A fire in California that has burned more than 10,000 acres was caused by a “pyrotechnic device used at a gender reveal party”, the California Department of Forestry and Fire Protection has found.

In a statement released late on Sunday, the department said: “The fire began at 10:23 am on September 5, 2020 in the El Dorado Ranch Park in Yucaipa,” before spreading north.

The agency said the fire was caused by a smoke generating pyrotechnic device, used during “a gender reveal party”. The fire started on Saturday morning.

“With the dry conditions and critical fire weather, it doesn’t take much to start a wildfire. Those responsible for starting fires due to negligence or illegal activity can be held financially and criminally responsible,” the statement said.

The fire has since destroyed 7,050 acres. It has prompted the evacuation of 3,000 residents.

Almost 12,500 firefighters are currently battling 22 major fires across the state, according to Cal Fire. Earlier on Sunday, Cal Fire said nearly 12,500 firefighters were battling 22 major fires in the state.

Gender reveal parties, at which expectant parents announce the genders of their soon-to-be-born infants, often feature elaborate ways of saying whether the baby is a boy or girl.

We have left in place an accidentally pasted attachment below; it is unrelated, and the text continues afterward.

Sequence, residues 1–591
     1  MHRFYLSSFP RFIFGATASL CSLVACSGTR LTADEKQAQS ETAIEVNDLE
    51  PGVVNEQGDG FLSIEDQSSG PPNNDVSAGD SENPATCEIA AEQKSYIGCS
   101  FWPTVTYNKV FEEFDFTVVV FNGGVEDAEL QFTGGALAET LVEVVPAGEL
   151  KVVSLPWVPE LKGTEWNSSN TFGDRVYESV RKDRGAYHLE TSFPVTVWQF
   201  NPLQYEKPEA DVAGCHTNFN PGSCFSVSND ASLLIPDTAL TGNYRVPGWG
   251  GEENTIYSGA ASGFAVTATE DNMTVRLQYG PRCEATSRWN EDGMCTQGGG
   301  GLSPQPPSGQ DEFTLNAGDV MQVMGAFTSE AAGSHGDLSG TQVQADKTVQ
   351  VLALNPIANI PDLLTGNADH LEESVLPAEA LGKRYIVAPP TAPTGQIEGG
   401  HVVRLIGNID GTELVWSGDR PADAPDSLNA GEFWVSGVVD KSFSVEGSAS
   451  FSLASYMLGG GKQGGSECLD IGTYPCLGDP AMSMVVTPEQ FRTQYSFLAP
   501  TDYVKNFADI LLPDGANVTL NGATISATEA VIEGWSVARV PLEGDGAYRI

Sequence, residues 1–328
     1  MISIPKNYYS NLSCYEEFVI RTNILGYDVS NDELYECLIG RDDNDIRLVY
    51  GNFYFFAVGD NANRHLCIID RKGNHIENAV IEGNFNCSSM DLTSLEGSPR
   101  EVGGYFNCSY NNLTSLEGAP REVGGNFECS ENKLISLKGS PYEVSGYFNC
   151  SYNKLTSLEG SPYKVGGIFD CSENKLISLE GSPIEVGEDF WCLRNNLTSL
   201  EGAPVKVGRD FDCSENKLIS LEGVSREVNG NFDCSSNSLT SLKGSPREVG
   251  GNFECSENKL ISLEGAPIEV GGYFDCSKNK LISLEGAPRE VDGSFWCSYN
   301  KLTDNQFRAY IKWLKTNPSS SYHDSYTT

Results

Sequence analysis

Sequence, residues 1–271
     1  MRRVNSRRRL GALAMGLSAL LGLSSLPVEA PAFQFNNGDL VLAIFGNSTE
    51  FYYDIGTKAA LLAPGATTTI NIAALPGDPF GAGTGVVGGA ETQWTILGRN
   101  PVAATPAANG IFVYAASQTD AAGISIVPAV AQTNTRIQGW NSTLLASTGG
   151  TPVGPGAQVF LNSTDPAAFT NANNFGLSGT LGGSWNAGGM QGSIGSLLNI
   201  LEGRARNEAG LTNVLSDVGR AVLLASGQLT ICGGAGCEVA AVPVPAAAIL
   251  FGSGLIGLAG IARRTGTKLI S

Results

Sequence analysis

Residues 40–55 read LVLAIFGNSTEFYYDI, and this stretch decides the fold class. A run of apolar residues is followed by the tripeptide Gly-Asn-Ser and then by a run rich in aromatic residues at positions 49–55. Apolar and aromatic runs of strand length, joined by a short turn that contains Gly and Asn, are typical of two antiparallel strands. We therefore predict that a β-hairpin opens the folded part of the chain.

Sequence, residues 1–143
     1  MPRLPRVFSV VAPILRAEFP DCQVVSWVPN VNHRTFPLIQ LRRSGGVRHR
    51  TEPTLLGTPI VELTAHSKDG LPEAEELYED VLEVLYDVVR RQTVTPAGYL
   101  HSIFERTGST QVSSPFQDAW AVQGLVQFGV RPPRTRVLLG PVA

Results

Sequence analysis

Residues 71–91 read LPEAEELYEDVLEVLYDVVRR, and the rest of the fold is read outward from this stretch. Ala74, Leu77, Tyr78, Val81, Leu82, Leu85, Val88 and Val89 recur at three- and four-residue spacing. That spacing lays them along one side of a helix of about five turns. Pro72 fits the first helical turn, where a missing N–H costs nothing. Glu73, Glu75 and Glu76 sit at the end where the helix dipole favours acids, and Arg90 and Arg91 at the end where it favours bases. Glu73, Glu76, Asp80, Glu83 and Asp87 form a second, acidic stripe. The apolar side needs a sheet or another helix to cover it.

In July 2019, one of the pioneers of the gender-reveal movement said it was time to “re-evaluate” the practice and that her own daughter had begun to explore her gender and defy gender norms.

In April 2017, an off-duty US border patrol agent, Dennis Dickey, caused $8m of damage to 19,000 hectares (47,000 acres) of Arizona forest when he shot at a target full of blue-colored explosive as a means of announcing the gender of his unborn child.

In October 2019, a woman was killed when a home-made device that was meant to discharge colored powder exploded at a gender reveal party in Iowa.

California has been dealing with weeks-long wildfires and faced record-high temperatures over the Labor Day weekend.

On Sunday afternoon in Los Angeles county, the temperature reached a record high of 121F (49 C), according to the National Weather Service.

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